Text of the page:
Goal-line technology is a 'necessity', demands Blatter after Ukraine's cruel blow against England
10:08 GMT, 20 June 2012
Football's most powerful man Sepp Blatter has demanded goal-line technology is introduced after Ukraine's heartache against England.
The co-hosts were denied an equaliser in Tuesday's crunch Group D decider that ultimately saw them crash out of Euro 2012.
John Terry hooked clear a shot from Marko Devic in the 62nd minute but replays showed the ball was clearly over the line.
FIFA president Sepp Blatter: 'After last night’s match #GLT is no longer an alternative but a necessity.'
Ghost goal: John Terry's defending was magnificent, but Marko Devic's shot crossed the line in Donetsk
Ghost goal: John Terry's defending was magnificent, but the ball crossed the line in Donetsk
We all saw it: TV pictures show the ball crossing the line
Goalline technology: A computer-generated image shows the ball over the line
Blatter hopes to convince the game's
rule-makers – the International Football Association Board – to give
technology the green light.
Blatter became a convert to goal-line technology after Frank Lampard was denied a legitimate goal in England's 2010 World Cup defeat to Germany.
That failed to convince UEFA president Michel Platini – the favourite to succeed Blatter as the most powerful man in world football – who remained wedded to his belief additional assistant referees behind each goal was the best way forward.
That left Platini red-faced after he made bold claims on the eve of the game about the effectiveness of five officials.
He said: 'With five, officials see everything. They don't take decisions without being fully aware. There's also a uniformity of refereeing. For example, they don't call unintentional handballs. That uniformity has led to more flowing football.'
Job done: Roy Hodgson congratulates Wayne Rooney as England top Group D thanks to the striker's goal (below)
Platini also attempted to justify his opposition to goal-line technology.
'Goal-line technology isn't a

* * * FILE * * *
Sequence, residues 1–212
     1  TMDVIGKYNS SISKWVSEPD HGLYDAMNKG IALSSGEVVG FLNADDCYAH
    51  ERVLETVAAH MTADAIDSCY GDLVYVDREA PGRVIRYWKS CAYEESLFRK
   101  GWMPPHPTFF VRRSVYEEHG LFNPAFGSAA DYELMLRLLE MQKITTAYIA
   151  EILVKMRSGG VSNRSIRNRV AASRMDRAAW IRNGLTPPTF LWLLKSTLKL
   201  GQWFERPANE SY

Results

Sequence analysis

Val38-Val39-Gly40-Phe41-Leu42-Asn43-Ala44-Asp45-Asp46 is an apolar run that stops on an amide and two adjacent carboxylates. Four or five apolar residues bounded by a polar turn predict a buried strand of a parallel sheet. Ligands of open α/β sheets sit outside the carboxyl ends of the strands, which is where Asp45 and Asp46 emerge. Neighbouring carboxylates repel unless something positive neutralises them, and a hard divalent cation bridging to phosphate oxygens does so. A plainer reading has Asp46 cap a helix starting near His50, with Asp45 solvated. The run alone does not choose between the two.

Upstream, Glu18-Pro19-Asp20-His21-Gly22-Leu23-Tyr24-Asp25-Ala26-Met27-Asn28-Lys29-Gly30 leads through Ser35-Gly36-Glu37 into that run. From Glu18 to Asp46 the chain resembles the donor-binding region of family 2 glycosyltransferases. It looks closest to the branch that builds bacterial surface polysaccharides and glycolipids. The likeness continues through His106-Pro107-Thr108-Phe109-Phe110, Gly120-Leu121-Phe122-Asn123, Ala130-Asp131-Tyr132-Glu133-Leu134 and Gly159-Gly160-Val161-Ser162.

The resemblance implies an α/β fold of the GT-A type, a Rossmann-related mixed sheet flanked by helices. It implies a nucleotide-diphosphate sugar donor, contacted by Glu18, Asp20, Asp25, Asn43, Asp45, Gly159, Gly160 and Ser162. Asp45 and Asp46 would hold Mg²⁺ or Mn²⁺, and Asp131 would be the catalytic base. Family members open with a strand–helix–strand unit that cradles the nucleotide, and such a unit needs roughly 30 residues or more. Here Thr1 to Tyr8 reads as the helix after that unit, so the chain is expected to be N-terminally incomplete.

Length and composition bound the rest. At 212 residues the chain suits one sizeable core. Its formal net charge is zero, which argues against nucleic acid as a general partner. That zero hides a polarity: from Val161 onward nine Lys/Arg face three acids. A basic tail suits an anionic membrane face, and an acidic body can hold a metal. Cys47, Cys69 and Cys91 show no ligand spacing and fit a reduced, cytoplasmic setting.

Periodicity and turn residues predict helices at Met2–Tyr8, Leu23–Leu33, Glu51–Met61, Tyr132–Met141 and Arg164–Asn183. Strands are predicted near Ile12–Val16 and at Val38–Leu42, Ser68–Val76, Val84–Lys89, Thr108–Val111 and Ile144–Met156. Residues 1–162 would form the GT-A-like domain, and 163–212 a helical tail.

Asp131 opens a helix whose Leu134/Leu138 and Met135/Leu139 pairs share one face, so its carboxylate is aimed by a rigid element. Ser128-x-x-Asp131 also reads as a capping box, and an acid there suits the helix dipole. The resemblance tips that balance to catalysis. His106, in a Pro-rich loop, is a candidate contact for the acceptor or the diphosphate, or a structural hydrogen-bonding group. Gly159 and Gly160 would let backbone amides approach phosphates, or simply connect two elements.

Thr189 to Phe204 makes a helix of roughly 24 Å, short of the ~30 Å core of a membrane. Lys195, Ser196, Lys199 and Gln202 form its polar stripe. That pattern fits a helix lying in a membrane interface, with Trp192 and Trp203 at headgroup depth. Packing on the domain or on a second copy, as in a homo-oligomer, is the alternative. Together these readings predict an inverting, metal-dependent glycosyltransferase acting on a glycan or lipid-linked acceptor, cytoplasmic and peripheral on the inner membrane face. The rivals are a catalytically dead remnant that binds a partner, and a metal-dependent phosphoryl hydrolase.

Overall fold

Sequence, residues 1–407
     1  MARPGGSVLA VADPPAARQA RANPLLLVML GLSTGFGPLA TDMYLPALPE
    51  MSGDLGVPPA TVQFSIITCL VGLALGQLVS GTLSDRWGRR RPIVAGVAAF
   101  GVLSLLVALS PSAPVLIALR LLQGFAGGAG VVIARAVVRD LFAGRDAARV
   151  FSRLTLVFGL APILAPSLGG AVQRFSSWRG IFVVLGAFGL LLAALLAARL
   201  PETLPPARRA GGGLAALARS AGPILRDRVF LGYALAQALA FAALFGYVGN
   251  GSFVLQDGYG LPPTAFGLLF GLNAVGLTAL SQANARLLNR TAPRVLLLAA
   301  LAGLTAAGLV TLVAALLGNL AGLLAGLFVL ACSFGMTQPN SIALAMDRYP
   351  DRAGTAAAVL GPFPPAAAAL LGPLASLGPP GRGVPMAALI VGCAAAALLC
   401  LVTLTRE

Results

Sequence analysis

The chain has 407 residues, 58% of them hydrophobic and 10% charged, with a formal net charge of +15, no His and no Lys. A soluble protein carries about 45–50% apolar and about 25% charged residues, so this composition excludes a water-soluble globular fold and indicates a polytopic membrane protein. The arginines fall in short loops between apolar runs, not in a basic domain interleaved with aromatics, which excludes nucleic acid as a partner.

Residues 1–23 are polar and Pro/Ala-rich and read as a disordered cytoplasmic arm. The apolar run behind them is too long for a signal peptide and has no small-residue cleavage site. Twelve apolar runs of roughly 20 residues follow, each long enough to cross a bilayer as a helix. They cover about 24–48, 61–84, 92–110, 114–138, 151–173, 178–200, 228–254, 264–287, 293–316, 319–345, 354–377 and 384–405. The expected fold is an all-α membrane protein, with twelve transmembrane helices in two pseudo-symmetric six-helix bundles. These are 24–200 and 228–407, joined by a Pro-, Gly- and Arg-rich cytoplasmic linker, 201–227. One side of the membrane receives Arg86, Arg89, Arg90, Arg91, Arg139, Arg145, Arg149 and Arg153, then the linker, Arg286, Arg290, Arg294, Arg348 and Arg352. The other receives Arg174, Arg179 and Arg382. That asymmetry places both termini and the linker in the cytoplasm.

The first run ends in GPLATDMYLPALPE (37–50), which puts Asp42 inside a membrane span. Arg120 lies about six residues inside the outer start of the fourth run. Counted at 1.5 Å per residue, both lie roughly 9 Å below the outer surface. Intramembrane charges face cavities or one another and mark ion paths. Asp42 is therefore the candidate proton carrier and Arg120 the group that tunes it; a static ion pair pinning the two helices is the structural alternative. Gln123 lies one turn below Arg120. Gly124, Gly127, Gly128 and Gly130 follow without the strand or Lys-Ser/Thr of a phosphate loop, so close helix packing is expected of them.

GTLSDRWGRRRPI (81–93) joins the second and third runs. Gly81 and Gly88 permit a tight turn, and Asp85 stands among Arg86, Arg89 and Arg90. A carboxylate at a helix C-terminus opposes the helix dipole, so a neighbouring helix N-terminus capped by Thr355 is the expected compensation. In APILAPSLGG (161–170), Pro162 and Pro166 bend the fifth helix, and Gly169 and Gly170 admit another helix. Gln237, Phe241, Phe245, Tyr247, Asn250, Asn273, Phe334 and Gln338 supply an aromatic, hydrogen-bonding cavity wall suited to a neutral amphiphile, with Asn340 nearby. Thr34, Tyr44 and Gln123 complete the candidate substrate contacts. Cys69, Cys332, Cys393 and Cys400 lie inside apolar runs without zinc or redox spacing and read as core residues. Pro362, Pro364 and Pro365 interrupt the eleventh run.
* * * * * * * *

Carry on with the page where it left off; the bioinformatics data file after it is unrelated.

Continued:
problem,' he said. The problem is the arrival of technology because,
after, you'll need technology for deciding handballs and then for
offside decisions and so on. It'll be like that forever and ever. It'll
never stop. That's the problem I have.'
Ukraine boss Oleg Blokhin was fuming
over the incident and took his rage into the press conference where he
offered a Ukrainian reporter to step outside for a ‘man conversation’.
‘The ball crossed the line by over a
metre,’ said the Ukraine manager. ‘There are five refs on the pitch and
the ball was over the line. Why do we need five refs then’
Devic said: ‘If I’m honest, I didn’t
see it at the time. But it was a big game, and it’s very sad. I think
everyone in the stadium would like to have seen what would’ve happened
if it had been 1-1 with not long to go.’
England boss Roy Hodgson said: ‘The important thing was John Terry
did so well to hook the ball off the line. People can’t be 100 per cent
certain. We’ve suffered bad luck in those areas before.’
Captain Steven Gerrard added: ‘To be
successful in these tournaments, with the quality of teams you have, you
need a bit of luck along the way. Two years ago with Frank Lampard’s
goal it didn’t go our way. If you keep fighting and stick at it you earn
that bit of luck.’
Frustrated: Oleg Blokhin complains about the goal that never was
Pressure: England rode their luck at times but took all three points
There was fortune too in England’s
goal. Gerrard crossed low from the right and defender Yevhen Khacheridi,
stretching to intercept, only succeeded in diverting it past his own
goalkeeper to Rooney, who applied the finish from a yard.
It was his first goal in a major
tournament for eight years and, after scoring, he celebrated by
pretending to spray his hair, which is growing after a transplant.
‘I’d used Andy Carroll’s hair
products and before the game he asked me to do it if I scored and so I
did it,’ said Rooney. ‘Hopefully I’ll end up with hair like him.’
Comeback: Rooney made a welcome return to football following his ban
In the TV studio, Jamie Carragher said: ‘A boy from Croxteth should not use hair product!’
Italy await in Kiev on Sunday and
Rooney believes the change of luck could help England beyond the
quarter-finals for the first time since 1996. He said: ‘It’s a difficult
game and will be quite evenly matched but we’re feeling confident.
We’re difficult to beat and we’ve got players in the team who can score
goals. It’s going to be a tight game but hopefully we can come out
‘It’s always a great feeling to
score. My overall game could’ve been a bit better but it was difficult
because it was my first game for a while. Towards the end I felt a
little bit tired. That’s natural and I’ll benefit from that time on the
Gerrard was superb and Rooney added:
‘He’s a world-class player and I thought he was brilliant. He drove us
on at times. His delivery has been exceptional. We’re lucky to have a
player like that in the team.’
Passion: Steven Gerrard says his side are peaking at just the right time
Heart on his sleeve: Gerrard
England have not beaten Italy since
1997 but Cesare Prandelli will be without key defender Giorgio Chiellini
who has a thigh injury. Ashley Young will be a doubt too after limping
out of the Donbass Arena last night with a sore ankle.
‘I haven’t given Italy much thought,’
said Hodgson. ‘Most people didn’t think we’d get out of the group.
Luckily we’ve proved that wrong. I’m pleased about that.’
VIDEO: England fans react to the win